If you are 55 or over and own your own home, you could consider using equity release to significantly boost your retirement income. You can normally release up to 40% of the value of your home and continue to live there, usually without having to make any repayments.
If you are on a fixed retirement income the rate of inflation could see you getting less for your money, especially if the economy goes through a period of high inflation. While the State Pension may rise to help pensioners cope with the rate of inflation, any fixed pension will normally stay the same. While you won’t have direct control over inflation there are some ways to help it have less of an impact on your retirement income. A good idea is to have a number of sources of income for your retirement, including pensions and savings. Having money in a savings account that matches or beats the rate of inflation will mean that even a decade or more after retiring your savings will have retained its value. Normally the best saving rates are available on accounts which require you depositing your money for a fixed number of years, such as fixed-rate bonds, so it is important to keep this in mind if you are planning on using savings accounts as part of your financial retirement plan.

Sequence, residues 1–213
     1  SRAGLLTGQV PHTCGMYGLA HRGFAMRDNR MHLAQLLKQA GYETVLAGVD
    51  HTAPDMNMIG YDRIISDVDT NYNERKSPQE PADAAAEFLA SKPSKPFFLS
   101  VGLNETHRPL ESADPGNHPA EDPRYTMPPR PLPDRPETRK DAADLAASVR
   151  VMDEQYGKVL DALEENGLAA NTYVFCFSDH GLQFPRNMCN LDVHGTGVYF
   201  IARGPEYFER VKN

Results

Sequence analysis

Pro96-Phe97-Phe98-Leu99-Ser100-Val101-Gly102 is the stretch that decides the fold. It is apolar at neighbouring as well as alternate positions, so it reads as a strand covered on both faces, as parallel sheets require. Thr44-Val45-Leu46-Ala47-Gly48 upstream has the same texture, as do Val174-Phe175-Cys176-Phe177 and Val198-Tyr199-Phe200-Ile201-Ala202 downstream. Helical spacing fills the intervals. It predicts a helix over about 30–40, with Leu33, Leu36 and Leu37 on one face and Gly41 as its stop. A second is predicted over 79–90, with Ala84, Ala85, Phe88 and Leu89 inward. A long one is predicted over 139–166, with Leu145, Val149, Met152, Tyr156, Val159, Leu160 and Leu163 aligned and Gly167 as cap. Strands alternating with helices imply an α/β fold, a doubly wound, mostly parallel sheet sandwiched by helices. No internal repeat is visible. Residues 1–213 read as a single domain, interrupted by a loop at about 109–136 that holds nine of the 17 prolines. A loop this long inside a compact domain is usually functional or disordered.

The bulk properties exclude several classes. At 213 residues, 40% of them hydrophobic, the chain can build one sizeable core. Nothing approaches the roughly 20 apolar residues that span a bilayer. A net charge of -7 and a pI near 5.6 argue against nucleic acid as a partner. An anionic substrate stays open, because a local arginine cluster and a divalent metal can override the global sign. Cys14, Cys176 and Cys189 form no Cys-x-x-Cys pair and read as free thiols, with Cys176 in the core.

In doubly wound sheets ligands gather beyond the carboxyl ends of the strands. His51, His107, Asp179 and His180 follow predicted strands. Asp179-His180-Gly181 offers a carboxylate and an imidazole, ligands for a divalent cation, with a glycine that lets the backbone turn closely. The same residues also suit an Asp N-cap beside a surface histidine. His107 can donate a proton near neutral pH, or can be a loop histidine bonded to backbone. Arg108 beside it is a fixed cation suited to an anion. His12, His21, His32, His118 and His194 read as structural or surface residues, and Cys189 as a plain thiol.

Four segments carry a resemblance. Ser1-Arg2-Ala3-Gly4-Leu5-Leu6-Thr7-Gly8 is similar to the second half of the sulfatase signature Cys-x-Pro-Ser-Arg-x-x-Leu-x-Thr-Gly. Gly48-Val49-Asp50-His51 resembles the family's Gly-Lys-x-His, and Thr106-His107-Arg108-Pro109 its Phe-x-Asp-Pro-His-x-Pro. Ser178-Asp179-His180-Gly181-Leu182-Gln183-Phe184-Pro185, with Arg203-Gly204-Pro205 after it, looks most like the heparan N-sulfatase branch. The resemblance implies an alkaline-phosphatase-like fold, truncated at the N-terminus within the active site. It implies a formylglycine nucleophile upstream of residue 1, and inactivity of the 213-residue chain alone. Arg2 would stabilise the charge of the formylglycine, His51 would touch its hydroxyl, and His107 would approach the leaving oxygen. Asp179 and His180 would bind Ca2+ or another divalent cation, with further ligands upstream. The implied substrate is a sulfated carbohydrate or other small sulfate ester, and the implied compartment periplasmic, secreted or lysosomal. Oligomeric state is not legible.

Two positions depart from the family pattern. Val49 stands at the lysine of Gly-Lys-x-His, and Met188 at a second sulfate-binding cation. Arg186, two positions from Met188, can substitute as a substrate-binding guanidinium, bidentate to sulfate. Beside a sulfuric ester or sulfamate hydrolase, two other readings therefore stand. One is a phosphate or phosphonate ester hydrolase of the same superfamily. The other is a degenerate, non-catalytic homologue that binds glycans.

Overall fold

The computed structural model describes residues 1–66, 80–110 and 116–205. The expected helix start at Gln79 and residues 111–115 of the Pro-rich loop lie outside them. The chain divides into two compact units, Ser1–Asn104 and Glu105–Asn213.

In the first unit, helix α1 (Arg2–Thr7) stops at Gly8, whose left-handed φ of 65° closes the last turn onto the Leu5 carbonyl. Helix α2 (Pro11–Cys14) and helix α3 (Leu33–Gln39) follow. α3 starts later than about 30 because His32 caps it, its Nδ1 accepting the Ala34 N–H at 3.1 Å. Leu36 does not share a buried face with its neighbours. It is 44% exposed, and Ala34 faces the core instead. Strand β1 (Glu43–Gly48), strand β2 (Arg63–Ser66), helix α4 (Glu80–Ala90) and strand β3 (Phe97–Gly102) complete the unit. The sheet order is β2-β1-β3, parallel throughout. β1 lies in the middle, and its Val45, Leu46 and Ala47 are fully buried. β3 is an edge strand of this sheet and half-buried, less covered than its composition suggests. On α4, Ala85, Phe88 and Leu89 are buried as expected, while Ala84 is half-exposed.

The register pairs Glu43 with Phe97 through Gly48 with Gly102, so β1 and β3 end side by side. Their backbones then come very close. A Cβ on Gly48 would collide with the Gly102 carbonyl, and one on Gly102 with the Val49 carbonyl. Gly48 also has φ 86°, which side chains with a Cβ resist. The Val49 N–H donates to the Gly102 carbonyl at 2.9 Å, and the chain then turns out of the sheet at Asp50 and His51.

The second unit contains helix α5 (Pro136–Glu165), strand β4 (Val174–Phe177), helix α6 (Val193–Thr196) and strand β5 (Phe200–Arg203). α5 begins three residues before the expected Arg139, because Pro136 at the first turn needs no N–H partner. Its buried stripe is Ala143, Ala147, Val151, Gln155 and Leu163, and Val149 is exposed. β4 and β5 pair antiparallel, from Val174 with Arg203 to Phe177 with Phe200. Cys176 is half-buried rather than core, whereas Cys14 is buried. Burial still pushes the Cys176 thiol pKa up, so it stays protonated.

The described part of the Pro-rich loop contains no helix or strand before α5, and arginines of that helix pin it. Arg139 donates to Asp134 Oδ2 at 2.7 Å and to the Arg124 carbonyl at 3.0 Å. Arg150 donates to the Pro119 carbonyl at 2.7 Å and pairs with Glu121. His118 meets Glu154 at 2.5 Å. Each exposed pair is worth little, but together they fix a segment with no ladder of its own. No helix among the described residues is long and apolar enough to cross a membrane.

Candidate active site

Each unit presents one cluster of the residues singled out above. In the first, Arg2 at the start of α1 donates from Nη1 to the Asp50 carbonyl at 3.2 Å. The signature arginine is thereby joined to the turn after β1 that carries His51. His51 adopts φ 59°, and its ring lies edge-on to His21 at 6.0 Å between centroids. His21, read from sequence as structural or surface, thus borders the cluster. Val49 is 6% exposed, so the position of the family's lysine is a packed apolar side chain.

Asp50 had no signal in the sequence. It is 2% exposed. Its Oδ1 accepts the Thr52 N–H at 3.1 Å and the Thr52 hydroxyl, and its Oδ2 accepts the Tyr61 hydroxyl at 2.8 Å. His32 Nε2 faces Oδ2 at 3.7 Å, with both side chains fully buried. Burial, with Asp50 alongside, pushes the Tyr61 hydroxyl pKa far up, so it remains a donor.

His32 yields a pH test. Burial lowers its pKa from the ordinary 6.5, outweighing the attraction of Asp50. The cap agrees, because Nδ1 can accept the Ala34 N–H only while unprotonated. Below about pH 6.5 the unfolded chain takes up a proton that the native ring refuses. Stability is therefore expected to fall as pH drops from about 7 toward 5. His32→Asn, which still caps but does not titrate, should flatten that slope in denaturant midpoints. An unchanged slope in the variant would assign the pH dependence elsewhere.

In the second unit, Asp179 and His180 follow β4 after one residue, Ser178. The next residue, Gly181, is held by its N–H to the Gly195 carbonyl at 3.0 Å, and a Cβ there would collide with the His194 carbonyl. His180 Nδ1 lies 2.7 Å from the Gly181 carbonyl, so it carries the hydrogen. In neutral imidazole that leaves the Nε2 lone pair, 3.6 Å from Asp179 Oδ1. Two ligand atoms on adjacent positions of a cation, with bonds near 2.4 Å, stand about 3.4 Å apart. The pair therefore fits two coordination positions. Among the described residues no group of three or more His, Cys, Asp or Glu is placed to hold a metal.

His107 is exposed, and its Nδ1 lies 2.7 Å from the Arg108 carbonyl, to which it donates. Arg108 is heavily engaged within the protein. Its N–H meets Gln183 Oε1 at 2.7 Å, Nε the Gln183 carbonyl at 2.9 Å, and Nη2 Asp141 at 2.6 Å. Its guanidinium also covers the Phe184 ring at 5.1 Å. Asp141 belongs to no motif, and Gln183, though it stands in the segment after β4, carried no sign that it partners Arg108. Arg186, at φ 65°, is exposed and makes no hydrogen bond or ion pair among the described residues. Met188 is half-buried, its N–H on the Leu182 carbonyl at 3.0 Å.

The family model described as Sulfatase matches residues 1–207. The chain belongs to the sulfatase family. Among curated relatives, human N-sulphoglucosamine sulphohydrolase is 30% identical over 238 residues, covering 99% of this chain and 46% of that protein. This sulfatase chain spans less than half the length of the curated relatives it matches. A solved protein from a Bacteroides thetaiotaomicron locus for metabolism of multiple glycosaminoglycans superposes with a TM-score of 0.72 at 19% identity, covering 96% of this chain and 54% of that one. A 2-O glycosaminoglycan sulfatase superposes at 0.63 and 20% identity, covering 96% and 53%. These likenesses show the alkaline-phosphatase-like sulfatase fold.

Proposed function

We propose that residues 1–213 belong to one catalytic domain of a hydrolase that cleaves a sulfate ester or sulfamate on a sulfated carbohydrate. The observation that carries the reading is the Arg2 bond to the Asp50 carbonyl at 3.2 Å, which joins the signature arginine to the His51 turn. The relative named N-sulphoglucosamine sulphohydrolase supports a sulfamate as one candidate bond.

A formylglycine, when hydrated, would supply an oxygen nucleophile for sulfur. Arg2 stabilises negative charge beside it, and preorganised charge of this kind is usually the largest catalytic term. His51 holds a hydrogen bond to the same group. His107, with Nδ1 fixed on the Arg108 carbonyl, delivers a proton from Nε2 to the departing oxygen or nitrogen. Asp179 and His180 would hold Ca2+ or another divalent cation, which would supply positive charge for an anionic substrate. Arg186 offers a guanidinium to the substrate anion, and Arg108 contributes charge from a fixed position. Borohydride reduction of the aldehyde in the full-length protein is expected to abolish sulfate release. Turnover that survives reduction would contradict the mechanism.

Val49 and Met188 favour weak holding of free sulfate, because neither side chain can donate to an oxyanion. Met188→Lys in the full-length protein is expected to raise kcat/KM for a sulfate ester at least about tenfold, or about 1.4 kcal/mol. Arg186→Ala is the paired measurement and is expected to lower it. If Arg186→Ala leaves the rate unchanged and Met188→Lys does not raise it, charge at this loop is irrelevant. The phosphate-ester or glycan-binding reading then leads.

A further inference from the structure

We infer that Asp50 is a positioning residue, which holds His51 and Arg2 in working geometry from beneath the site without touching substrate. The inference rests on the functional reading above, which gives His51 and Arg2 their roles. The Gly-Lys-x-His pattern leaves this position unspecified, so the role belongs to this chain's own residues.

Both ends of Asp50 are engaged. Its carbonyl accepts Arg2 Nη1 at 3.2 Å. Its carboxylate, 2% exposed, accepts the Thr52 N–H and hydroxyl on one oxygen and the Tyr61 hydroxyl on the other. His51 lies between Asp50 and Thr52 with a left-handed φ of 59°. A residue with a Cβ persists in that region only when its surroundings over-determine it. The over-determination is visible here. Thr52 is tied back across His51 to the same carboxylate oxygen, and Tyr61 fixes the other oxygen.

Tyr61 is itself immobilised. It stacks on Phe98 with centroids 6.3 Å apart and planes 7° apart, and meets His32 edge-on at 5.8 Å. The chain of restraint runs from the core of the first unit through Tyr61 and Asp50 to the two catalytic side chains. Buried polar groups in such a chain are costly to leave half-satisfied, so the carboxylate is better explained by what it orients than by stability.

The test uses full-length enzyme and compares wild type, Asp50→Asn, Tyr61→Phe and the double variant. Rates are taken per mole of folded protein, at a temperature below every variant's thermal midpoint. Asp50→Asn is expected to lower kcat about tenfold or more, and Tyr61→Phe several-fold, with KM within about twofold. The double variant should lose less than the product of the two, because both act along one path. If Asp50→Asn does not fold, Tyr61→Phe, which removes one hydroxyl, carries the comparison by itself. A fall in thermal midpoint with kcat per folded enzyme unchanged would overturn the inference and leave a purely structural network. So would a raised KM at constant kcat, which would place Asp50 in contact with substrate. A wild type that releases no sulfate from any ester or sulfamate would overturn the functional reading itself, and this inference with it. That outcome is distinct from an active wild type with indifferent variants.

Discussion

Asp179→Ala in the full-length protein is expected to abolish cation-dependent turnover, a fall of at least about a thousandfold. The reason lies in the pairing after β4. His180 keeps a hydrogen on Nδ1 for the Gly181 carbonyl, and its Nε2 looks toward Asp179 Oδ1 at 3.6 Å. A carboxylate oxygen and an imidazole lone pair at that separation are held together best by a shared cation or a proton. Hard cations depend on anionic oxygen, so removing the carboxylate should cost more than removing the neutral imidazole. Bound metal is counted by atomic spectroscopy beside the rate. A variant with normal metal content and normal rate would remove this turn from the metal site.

An annuity is a popular way of ensuring you have a steady income for your lifetime, however even annuities are not without risk. Annuities work by being bought using the money saved in a pension upon your retirement and then will give you an income for life. The biggest risk with an annuity is that upon the time of your retirement there are poor annuity rates available. The only way to get the best possible deal with your annuity is to look around and get independent financial advice before making a decision. Another risk with annuities is that if you choose a fixed income your payments are impacted by inflation. There is the option of an increasing income annuity which will help protect your income from inflation by either increasing each year by a set amount, for example 3%, or provide you with an income that is adjusted yearly in line with inflation.
If possible, having a range of retirement investments for example a workplace pension, long-term savings and stocks and shares will help to diversify your retirement savings and help mitigate potential risks.
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This information is intended solely to provide guidance and is not financial advice. Moneyfacts will not be liable for any loss arising from your use or reliance on this information. If you are in any doubt, Moneyfacts recommends you obtain independent financial advice.
Disclaimer: This information is intended solely to provide guidance and is not financial advice. Moneyfacts will not be liable for any loss arising from your use or reliance on this information. If you are in any doubt, Moneyfacts recommends you obtain independent financial advice.